Jump to main content.

Lead Poisoning Prevention

More on Reducing Risks from Specific Chemicals
Strategic Plan

Goal Four of EPA's Strategic Plan includes a goal to eliminate childhood lead poisoning in the United States as a major public health concern by the year 2010.

As a result of EPA's lead poisoning prevention programs and other efforts across the federal government, children's elevated blood-lead levels in the United States have declined dramatically. In 1978, 3-4 million children had elevated blood-lead levels. By 2002, that number had dropped to 310,000 and it continues to decline.

Lead is a highly toxic metal that was used for many years in products found in and around our homes. Lead may cause a range of health effects, from behavioral problems and learning disabilities to seizures and death. Children under six years of age are most at risk. Research suggests that the primary sources of lead exposure for most children are deteriorating lead-based paint, lead-contaminated dust, and lead-contaminated residential soil.

EPA has played a major role in addressing these residential lead hazards. EPA has largely completed the regulatory framework assigned to it by Congress in Title X of the Residential Lead-Based Paint Hazard Reduction Act of 1992 by:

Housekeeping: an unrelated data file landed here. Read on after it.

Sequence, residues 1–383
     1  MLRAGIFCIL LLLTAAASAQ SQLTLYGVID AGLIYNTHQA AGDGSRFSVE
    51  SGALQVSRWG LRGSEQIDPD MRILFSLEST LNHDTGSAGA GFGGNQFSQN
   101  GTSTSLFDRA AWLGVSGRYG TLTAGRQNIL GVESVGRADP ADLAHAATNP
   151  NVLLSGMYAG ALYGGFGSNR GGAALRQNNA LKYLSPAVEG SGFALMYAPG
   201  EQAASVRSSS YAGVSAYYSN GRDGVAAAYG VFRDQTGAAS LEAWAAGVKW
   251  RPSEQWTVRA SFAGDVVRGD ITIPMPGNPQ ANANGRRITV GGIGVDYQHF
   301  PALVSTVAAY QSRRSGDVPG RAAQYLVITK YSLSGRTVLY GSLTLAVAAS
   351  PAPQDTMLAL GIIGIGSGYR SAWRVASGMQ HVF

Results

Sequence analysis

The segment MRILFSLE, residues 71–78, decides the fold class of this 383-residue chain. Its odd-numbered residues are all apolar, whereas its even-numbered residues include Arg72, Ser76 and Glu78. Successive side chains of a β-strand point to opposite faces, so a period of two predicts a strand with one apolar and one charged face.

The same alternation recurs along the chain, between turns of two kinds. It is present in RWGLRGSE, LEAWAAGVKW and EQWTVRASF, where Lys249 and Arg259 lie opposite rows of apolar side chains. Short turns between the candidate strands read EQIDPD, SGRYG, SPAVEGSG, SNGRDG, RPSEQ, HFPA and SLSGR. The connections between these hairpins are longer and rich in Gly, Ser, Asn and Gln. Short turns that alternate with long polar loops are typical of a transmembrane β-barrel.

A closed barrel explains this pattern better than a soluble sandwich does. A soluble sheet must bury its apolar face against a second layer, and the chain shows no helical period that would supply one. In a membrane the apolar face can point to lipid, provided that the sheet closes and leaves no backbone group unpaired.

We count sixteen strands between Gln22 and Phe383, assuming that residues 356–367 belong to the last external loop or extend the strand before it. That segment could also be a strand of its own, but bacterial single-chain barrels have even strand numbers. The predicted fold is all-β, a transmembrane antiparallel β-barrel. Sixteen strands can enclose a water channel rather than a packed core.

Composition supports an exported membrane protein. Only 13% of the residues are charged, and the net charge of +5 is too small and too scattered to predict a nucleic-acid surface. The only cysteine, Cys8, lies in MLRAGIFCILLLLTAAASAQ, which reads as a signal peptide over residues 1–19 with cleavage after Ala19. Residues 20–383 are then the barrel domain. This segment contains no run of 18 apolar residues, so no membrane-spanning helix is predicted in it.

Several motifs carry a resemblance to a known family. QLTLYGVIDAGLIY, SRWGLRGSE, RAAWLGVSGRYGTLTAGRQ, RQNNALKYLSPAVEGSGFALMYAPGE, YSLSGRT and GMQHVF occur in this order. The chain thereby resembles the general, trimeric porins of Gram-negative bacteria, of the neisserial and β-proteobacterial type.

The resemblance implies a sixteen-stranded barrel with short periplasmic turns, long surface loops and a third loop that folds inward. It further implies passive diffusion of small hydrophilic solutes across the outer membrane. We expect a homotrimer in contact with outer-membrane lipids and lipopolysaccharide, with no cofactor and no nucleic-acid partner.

In order to meet the 2010 federal government goal of eliminating childhood lead poisoning as a major public health concern, EPA is focusing funding resources on the most vulnerable populations in state, localities and tribal areas -- those that have rates of lead poisoning above the national average and those in areas where sufficient screening has not yet occurred to determine rates of lead poisoning. EPA has addressed populations still at risk for elevated blood-lead levels through three competitive grant programs. The grants are available to a wide range of applicants, including state and local governments, federally-recognized Indian tribes and tribal consortia, territories, institutions of higher learning, and nonprofit organizations. 


In 2007, EPA awarded more than $5.2 million in targeted grants to 49 projects in areas with high incidences of children with elevated blood-lead levels in vulnerable populations.

In 2007 and 2008, EPA awarded more than $5.1 million in national community-based grants to 23 projects to reduce the incidence of childhood lead poisoning in communities with older housing and to support community activities such as outreach, training, and local ordinance development projects.

In 2007 and 2008, EPA awarded nearly $1.5 million in Tribal lead grants to 23 tribal projects to reduce the incidence of childhood lead poisoning in tribal communities and will fund educational outreach and baseline assessments of Tribal children's lead exposure.

Read more information about EPA's lead poisoning prevention programs.

Local Navigation

Jump to main content.